So what did I do? I pulled myself up by the bootstraps and became very entrepreneurial. Sometimes you need to just make things happen. I wrote the policy and procedures. I tracked down loan documents. I kept things simple. I hired a lender who had a lot of experience. It was a good lesson learned. After several major initiatives launched over the years that took a lot of ironing out, I had become methodical. I wanted to get things “right” the first time, and my boss was well-aware of my tendencies, so he threw down the gauntlet with the 77-day challenge.

If you can’t say no, and you are concerned about long-term ramifications, the key is to not stick your head in the sand. Don’t set it and forget it. Constant monitoring, follow-up, and improvement is the key. 

So, what happened with the 77-day member business loan program? Shortly after implementation, I wound up having to fire the commercial loan officer I had hired to start the program. The problem? On one of the first loans he brought to our loan committee, he had identified the collateral being purchased as an “office condo.” He also assured us he had driven by and seen the property—except I recognized the address as a part of town that I wasn’t sure was commercial in nature. After the committee discussed the loan and tentatively approved it, I decided to take a little drive. The property turned out to be a very run-down single-family house. My lender had lied. Constant monitoring is critical.

Goodbye, Friends

As painful as it is to admit, this will be my last monthly Lending Perspectives article. I have tried to find a peer in the credit union movement to take over this column with no luck. I am rapidly approaching retirement with a lot on my plate I want to accomplish. Over the last few years, I have found that having the passion for what I do to be significantly tougher to maintain at the level I believe my credit union deserves. I’ll fashionably blame this on COVID-19 and all the issues it created for us in lending: out-of-control mortgage demand, helping members handle a crisis situation and the challenges of managing a remote workforce among them.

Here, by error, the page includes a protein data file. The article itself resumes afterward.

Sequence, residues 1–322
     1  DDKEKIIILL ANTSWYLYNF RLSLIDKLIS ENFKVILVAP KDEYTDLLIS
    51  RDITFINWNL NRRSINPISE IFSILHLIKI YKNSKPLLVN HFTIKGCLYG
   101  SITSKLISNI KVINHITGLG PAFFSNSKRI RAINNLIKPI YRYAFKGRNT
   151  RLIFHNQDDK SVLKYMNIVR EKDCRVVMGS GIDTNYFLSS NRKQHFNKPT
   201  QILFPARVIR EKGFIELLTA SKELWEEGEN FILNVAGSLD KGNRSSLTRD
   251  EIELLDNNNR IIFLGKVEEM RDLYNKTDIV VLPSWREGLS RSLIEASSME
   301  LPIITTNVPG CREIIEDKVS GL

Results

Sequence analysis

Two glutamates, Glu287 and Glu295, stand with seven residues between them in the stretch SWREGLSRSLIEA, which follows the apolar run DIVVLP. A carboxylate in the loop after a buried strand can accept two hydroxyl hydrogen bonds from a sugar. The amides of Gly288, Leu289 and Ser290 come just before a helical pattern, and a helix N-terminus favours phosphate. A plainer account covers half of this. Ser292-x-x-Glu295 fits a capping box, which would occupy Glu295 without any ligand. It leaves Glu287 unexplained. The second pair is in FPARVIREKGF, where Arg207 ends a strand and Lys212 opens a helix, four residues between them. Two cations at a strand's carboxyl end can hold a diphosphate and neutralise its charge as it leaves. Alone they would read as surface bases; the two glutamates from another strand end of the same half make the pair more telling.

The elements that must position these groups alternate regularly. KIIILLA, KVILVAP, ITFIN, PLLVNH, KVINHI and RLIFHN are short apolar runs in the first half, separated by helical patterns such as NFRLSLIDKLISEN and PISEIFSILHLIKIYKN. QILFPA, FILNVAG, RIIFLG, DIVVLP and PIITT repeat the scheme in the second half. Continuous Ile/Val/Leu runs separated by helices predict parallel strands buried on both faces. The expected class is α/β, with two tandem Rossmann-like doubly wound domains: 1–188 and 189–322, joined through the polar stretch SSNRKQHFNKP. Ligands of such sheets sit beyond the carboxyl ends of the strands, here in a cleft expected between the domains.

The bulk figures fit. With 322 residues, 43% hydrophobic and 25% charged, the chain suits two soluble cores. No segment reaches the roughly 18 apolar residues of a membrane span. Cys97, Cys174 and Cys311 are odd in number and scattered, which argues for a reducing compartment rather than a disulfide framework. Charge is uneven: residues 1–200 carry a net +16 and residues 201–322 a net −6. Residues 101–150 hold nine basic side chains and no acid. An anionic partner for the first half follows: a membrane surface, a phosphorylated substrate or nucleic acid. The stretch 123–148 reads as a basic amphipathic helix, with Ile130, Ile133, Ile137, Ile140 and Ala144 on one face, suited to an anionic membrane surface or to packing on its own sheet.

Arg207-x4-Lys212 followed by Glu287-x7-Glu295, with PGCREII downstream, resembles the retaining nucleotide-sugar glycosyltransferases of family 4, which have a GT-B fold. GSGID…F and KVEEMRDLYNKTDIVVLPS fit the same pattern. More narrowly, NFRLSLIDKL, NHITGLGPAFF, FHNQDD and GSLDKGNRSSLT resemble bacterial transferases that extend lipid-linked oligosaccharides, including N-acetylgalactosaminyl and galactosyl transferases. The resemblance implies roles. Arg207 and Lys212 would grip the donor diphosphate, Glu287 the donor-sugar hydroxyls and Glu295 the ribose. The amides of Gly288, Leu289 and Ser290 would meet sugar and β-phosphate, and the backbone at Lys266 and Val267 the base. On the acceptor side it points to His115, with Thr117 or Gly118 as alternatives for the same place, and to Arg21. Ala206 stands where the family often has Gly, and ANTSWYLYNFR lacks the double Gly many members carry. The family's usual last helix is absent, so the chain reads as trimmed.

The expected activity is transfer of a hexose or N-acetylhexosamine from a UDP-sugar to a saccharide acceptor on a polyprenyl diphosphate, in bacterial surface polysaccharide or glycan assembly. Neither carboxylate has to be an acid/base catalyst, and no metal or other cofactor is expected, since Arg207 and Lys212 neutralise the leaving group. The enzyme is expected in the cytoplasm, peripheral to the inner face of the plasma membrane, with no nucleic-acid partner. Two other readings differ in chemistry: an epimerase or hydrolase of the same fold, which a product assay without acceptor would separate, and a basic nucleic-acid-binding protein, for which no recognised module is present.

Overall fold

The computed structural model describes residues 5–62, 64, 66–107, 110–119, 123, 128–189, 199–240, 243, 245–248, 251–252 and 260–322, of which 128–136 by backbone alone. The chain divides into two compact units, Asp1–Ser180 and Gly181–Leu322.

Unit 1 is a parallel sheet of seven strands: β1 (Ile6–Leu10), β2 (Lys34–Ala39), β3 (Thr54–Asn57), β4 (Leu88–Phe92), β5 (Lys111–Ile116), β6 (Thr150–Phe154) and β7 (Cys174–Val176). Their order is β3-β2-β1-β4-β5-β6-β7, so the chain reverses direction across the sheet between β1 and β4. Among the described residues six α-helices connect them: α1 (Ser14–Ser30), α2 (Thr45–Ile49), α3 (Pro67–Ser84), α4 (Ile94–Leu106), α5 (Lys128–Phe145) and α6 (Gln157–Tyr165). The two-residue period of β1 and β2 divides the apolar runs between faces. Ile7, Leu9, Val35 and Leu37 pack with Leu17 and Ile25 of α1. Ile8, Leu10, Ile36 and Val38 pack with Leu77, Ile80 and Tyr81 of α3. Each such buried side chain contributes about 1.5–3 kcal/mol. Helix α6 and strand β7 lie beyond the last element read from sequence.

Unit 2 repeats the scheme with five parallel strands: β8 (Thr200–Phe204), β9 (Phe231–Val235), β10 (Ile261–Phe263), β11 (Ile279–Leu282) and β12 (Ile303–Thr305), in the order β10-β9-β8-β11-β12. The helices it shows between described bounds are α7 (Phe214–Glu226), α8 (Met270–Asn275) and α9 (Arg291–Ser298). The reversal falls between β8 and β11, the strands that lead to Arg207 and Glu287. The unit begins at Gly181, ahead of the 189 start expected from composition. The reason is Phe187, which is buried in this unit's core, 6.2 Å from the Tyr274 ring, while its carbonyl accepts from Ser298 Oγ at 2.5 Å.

To keep myself going in 2021 in a manner only I’d fashion, I started listing rules on my whiteboard. My rules, for me, to keep me focused and level-headed. My first one was “No whining” because I had found myself complaining about things I couldn’t control. My last and most important rule is “Don’t be a distraction, and don’t be distracted.”

As I said, I have things I want to accomplish in a fairly short time window and don’t want to be distracted by writing. I have been incredibly blessed to be able to carve out a few hours every month for the last five-plus years to write for CUES (see the full collection here!), yet I really need every hour I have right now. 

Thanks for reading, and thanks for a few kind words that have encouraged me to keep writing over the years. 

For anyone who thinks they want to stick their neck out and write about trends in lending, my editor, Lisa Hochgraf, has been amazing. I wholeheartedly recommend her to anyone who thinks they need what I’ve told Lisa she has been to me during this time: a gentle reader. As I’ve joked in a few past articles, I love obscure movie lines, and the “gentle reader” reference comes from a movie line. Serious bonus points if you know the movie. 

Bill Vogeney is chief revenue officer for $9.8 billion Ent Credit Union, Colorado Springs. He’d like it if you could geek out over lending and write about the challenges we all face on a daily basis. If you’re interested, email his editor.